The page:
In it, but not of it. TPM DC
As readers might recall, the minority state Senate Democrats had fled the state in order to block a three-fifths budget quorum required when the collective bargaining proposals had been introduced as part of a budget repair bill. After a standoff of about two weeks, the state GOPers instead decided to convene a special conference committee to take the overall bill and strip out what they deemed to be fiscal items, leaving the collective bargaining provisions, in order to circumvent the three-fifths budget requirement.
At that hastily convened conference committee meeting, Assembly Minority Leader Peter Barca (D) attempted to raise a procedural objection -- saying that the committee had violated the state's open meetings law, which requires at least 24 hours notice before a government meeting, unless there is good cause to act more quickly. The next day, state Senate Majority Leader Scott Fitzgerald's (R) office released a memo from the Senate Clerk, arguing that they didn't have to give notice at all under a Senate rule, and that the two hours' notice employed here was sufficient.
In response, Dane County District Attorney Ismael Ozanne (D) brought a lawsuit, seeking to nullify the conference committee's action based on the alleged open-meetings violation -- which would have a domino effect of voiding the final passage votes in the Senate and Assembly, which were based on and followed the special conference committee's actions.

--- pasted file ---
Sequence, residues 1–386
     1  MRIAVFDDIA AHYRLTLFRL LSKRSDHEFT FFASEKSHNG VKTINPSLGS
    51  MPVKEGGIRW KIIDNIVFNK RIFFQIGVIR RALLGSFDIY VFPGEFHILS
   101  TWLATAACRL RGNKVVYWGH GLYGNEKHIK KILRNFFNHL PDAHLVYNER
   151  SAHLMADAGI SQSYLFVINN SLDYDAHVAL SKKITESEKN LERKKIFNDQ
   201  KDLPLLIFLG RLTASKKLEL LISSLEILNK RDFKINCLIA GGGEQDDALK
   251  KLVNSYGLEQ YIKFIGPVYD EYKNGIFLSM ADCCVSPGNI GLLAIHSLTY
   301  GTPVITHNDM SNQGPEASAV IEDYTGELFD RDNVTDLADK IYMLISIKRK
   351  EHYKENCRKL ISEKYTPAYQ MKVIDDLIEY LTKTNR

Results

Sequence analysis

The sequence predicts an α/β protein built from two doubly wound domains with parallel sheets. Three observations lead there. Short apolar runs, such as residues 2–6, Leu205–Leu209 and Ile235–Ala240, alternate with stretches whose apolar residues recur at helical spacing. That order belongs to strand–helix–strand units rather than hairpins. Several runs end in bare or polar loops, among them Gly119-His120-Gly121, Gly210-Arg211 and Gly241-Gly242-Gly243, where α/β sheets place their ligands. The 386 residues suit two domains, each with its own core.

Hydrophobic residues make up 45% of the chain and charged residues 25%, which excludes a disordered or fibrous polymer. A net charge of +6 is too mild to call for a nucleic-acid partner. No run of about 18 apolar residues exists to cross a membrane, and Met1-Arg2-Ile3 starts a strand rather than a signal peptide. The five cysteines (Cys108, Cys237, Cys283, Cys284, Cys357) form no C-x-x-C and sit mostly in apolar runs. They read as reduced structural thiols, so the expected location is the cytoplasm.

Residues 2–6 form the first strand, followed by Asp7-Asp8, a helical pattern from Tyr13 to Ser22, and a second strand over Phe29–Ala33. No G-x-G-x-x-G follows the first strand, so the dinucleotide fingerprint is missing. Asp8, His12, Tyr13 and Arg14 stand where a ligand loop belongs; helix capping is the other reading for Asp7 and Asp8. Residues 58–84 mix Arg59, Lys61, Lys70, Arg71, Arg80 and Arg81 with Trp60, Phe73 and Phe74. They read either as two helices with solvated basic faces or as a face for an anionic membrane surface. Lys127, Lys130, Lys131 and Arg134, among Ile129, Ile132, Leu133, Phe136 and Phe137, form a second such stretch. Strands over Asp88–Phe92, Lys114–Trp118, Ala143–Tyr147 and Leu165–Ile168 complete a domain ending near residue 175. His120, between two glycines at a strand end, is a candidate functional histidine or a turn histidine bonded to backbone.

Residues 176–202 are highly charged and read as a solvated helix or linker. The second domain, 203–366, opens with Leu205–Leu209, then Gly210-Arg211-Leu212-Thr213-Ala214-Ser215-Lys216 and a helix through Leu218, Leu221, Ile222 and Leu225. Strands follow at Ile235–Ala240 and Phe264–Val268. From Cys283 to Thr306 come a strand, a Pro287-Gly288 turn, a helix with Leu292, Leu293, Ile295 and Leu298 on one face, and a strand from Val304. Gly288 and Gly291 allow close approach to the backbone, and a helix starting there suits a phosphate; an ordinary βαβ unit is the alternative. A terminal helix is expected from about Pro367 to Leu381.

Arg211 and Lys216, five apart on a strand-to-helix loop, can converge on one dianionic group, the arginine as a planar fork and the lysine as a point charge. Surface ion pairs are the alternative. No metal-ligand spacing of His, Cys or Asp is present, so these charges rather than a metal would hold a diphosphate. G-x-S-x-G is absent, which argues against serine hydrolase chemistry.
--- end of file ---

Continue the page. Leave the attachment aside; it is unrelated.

And as of now, a judge in Dane County has ruled that the plaintiff has a high chance of winning, and issued the temporary restraining order.
Walker's office is remaining publicly confident, WisPolitics reports:
"This legislation is still working through the legal process," spokesman Cullen Werwie wrote in an e-mail. "We are confident the provisions of the budget repair bill will become law in the near future."
The state is already hinting at a possible appeal, the Journal Sentinel reports:
Assistant Attorney General Steven Means, who was part of the state's legal team, said after the ruling that "we disagree with it."
"And the reason they have appellate courts is because circuit court judges make errors and they have in this case."
Asked if the state would appeal, Means said: "We'll have to think about that."
Will the order be lifted? Will it stay in place, with the litigation continuing and bottling up the bill? Could the legislature move again to pass it with proper prior notice? Let's see where this goes next.